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Depression and anxiety disorders in pediatric epilepsy.
Epilepsia. 2005 May; 46(5):720-30.E

Abstract

PURPOSE

This study examined affective disorders, anxiety disorders, and suicidality in children with epilepsy and their association with seizure-related, cognitive, linguistic, family history, social competence, and demographic variables.

METHODS

A structured psychiatric interview, mood self-report scales, as well as cognitive and language testing were administered to 100 children with complex partial seizures (CPSs), 71 children with childhood absence epilepsy (CAE), and 93 normal children, aged 5 to 16 years. Parents provided behavioral information on each child through a structured psychiatric interview and behavior checklist.

RESULTS

Significantly more patients had affective and anxiety disorder diagnoses (33%) as well as suicidal ideation (20%) than did the normal group, but none had made a suicide attempt. Anxiety disorder was the most frequent diagnosis among the patients with a diagnosis of affective or anxiety disorders, and combined affective/anxiety and disruptive disorder diagnoses, in those with suicidal ideation. Only 33% received some form of mental health service. Age, verbal IQ, school problems, and seizure type were related to the presence of a diagnosis of affective or anxiety disorder, and duration of illness, to suicidal ideation.

CONCLUSIONS

These findings together with the high rate of unmet mental health underscore the importance of early detection and treatment of anxiety disorders and suicidal ideation children with CPSs and CAE.

Authors+Show Affiliations

Department of Psychiatry, University of California at Los Angeles, 90024, USA. rcaplan@ucla.eduNo affiliation info availableNo affiliation info availableNo affiliation info availableNo affiliation info availableNo affiliation info available

Pub Type(s)

Comparative Study
Journal Article
Research Support, Non-U.S. Gov't

Language

eng

PubMed ID

15857439

Citation

Caplan, Rochelle, et al. "Depression and Anxiety Disorders in Pediatric Epilepsy." Epilepsia, vol. 46, no. 5, 2005, pp. 720-30.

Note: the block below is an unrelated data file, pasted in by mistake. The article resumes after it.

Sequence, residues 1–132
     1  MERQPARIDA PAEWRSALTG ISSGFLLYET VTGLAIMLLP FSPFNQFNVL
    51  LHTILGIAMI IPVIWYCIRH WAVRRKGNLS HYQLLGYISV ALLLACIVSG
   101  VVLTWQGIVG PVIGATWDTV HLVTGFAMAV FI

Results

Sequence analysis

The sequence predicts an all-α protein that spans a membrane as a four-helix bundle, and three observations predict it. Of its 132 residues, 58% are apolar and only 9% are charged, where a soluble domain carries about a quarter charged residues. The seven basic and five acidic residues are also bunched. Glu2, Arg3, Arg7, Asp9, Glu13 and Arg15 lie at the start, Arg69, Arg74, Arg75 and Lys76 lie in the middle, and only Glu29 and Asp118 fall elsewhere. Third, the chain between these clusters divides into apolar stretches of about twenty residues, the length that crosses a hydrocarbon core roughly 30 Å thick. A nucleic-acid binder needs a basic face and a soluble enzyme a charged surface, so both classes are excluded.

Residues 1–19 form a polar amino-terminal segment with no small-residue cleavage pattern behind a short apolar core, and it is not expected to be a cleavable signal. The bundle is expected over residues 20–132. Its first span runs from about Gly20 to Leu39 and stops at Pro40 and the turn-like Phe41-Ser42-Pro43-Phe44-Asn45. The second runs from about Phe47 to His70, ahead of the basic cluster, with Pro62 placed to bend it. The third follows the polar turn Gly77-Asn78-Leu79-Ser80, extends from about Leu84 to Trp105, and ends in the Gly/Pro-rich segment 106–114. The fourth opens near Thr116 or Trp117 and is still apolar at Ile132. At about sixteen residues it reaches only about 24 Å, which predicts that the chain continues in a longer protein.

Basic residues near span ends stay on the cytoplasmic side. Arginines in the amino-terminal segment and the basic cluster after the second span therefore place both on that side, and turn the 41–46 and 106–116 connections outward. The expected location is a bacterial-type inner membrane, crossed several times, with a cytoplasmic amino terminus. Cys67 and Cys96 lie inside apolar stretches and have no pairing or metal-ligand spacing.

Caplan R, Siddarth P, Gurbani S, et al. Depression and anxiety disorders in pediatric epilepsy. Epilepsia. 2005;46(5):720-30.
Caplan, R., Siddarth, P., Gurbani, S., Hanson, R., Sankar, R., & Shields, W. D. (2005). Depression and anxiety disorders in pediatric epilepsy. Epilepsia, 46(5), 720-30.
Caplan R, et al. Depression and Anxiety Disorders in Pediatric Epilepsy. Epilepsia. 2005;46(5):720-30. PubMed PMID: 15857439.
* Article titles in AMA citation format should be in sentence-case
TY - JOUR T1 - Depression and anxiety disorders in pediatric epilepsy. AU - Caplan,Rochelle, AU - Siddarth,Prabha, AU - Gurbani,Suresh, AU - Hanson,Rebecca, AU - Sankar,Ramen, AU - Shields,W Donald, PY - 2005/4/29/pubmed PY - 2005/6/2/medline PY - 2005/4/29/entrez SP - 720 EP - 30 JF - Epilepsia JO - Epilepsia VL - 46 IS - 5 N2 - PURPOSE: This study examined affective disorders, anxiety disorders, and suicidality in children with epilepsy and their association with seizure-related, cognitive, linguistic, family history, social competence, and demographic variables. METHODS: A structured psychiatric interview, mood self-report scales, as well as cognitive and language testing were administered to 100 children with complex partial seizures (CPSs), 71 children with childhood absence epilepsy (CAE), and 93 normal children, aged 5 to 16 years. Parents provided behavioral information on each child through a structured psychiatric interview and behavior checklist. RESULTS: Significantly more patients had affective and anxiety disorder diagnoses (33%) as well as suicidal ideation (20%) than did the normal group, but none had made a suicide attempt. Anxiety disorder was the most frequent diagnosis among the patients with a diagnosis of affective or anxiety disorders, and combined affective/anxiety and disruptive disorder diagnoses, in those with suicidal ideation. Only 33% received some form of mental health service. Age, verbal IQ, school problems, and seizure type were related to the presence of a diagnosis of affective or anxiety disorder, and duration of illness, to suicidal ideation. CONCLUSIONS: These findings together with the high rate of unmet mental health underscore the importance of early detection and treatment of anxiety disorders and suicidal ideation children with CPSs and CAE. SN - 0013-9580 UR - https://www.unboundmedicine.com/medline/citation/15857439/Depression_and_anxiety_disorders_in_pediatric_epilepsy_ L2 - https://doi.org/10.1111/j.1528-1167.2005.43604.x DB - PRIME DP - Unbound Medicine ER -